Greek Finance Minister Yannis Stournaras says his debt-ridden country still needs to slash four billion euros off the country's public spending to continue receiving emergency rescue loans.
"We are not there yet, we still have 3.5 billion euros to four billion euros to cover," the Associated Press quoted Stournaras as saying on Tuesday.
Greece has promised to cut 11.5 billion euros off its 2013-14 budget in order to get bailout from other eurozone countries and the International Monetary Fund (IMF).
Greece has been at the epicenter of the eurozone debt crisis and is experiencing its fifth year of recession, caused by the harsh government-introduced austerity measures.
The austerity measures have left over a million people without jobs over the past years, while Athens has continuously struggled to meet the fiscal targets in its rescue loan agreements.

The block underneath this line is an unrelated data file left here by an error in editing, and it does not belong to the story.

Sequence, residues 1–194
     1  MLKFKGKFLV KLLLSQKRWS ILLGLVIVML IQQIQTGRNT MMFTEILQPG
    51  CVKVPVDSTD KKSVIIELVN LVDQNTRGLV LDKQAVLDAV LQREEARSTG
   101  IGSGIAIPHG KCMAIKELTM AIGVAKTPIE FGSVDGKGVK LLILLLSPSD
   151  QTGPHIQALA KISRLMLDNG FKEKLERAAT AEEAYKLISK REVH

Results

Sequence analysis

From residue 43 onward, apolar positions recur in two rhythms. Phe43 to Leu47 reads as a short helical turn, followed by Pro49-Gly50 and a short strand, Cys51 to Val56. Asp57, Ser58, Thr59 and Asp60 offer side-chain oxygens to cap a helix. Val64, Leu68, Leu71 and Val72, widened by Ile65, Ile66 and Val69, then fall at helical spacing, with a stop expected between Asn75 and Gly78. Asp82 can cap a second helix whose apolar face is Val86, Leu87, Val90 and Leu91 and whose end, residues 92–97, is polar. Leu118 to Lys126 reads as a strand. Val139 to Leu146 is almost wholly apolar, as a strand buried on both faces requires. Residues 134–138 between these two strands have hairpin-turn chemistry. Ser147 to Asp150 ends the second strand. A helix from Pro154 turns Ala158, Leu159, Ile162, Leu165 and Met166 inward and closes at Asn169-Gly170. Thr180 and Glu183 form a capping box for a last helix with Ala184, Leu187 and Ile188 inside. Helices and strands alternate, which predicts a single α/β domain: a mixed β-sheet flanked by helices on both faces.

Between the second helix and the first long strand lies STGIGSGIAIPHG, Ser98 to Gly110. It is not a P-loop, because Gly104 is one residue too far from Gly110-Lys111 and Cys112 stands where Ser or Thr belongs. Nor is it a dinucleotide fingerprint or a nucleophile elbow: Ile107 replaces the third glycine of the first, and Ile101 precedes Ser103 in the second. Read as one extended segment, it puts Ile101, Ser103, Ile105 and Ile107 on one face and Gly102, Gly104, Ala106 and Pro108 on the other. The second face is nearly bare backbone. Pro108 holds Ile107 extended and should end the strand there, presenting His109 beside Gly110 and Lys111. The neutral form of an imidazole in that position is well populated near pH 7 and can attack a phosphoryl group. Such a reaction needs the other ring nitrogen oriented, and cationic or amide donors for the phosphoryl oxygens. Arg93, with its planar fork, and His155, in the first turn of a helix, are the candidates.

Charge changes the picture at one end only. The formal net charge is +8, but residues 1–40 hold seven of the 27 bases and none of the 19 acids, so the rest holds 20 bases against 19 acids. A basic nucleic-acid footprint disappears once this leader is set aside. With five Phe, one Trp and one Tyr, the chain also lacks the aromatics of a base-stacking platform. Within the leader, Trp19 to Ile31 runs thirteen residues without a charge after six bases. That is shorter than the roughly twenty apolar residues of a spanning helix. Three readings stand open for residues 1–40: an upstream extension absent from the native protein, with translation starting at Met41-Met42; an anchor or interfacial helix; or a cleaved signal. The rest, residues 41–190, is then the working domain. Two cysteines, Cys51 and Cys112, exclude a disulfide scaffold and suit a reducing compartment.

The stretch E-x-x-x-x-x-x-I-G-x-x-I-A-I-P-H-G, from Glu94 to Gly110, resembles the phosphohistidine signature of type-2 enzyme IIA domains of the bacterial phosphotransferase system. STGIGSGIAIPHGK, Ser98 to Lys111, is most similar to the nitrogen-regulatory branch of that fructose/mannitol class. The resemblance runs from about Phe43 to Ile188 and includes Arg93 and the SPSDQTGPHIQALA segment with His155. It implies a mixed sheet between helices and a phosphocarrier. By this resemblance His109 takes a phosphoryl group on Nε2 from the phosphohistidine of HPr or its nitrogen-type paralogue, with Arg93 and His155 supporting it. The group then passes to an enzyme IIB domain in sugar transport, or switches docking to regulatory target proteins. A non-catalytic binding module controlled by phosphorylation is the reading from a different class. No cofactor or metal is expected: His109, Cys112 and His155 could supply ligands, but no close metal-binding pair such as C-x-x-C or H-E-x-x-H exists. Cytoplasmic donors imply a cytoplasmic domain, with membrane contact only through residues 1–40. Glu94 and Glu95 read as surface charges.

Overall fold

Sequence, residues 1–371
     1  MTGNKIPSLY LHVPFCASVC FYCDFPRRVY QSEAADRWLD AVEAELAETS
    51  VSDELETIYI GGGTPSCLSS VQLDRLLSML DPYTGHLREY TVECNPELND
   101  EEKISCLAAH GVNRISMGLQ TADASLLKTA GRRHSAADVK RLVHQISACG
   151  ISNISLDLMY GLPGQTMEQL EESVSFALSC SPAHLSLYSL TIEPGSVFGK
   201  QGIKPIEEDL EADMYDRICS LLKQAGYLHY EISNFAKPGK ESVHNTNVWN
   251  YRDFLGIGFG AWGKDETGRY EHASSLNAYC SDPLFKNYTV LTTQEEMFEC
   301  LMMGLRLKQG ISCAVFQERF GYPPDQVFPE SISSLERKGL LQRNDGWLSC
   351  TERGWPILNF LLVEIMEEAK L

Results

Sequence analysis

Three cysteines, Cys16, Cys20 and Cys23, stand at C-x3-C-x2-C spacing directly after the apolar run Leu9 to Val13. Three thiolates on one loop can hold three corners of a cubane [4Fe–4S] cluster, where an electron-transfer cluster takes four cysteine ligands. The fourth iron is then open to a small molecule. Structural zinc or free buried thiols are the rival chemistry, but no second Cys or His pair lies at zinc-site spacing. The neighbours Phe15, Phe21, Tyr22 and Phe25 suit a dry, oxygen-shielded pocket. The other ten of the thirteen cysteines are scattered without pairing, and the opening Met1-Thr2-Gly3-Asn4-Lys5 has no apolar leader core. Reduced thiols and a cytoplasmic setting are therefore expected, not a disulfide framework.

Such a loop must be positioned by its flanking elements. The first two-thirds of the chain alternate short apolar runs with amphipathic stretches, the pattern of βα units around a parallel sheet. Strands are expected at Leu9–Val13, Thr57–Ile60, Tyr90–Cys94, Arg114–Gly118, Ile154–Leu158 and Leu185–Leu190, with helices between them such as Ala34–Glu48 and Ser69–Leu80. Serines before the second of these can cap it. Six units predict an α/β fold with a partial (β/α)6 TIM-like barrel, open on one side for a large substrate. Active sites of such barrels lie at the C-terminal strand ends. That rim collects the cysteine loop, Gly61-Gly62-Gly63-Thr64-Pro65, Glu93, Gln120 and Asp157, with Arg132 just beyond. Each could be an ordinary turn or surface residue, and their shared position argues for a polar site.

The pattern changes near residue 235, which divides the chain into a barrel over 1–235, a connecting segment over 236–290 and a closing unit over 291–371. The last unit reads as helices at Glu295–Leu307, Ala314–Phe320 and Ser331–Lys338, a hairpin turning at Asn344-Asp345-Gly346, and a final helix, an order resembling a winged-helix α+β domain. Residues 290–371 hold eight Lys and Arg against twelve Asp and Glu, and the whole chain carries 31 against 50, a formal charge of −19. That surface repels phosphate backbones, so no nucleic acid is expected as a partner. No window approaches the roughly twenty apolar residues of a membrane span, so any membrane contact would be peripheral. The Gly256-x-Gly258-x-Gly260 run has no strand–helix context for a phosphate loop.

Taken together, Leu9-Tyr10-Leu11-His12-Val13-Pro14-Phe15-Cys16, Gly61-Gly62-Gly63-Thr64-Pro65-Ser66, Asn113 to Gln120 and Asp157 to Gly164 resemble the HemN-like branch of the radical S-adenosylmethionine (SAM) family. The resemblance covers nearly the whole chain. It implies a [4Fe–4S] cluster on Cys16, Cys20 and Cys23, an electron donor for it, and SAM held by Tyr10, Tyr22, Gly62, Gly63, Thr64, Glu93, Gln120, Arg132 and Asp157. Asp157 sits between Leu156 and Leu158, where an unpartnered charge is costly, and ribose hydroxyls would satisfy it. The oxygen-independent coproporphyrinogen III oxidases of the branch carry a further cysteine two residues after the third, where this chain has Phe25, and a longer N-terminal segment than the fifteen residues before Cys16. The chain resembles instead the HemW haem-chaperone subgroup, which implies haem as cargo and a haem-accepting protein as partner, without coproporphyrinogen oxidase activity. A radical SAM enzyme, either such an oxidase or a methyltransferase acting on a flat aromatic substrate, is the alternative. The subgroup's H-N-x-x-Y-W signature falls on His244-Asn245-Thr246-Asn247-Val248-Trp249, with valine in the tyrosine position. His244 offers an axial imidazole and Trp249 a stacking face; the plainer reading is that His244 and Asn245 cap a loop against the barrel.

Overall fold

The country has been the scene of numerous nationwide strikes and protests by the sacked and low-income workers and the students, who have suffered most as a result of the economic situation.
The long-drawn-out eurozone debt crisis, which began in the country in late 2009 and reached Italy, Spain, and France last year, is viewed as a threat, not only to Europe, but also to many of the world’s more developed economies.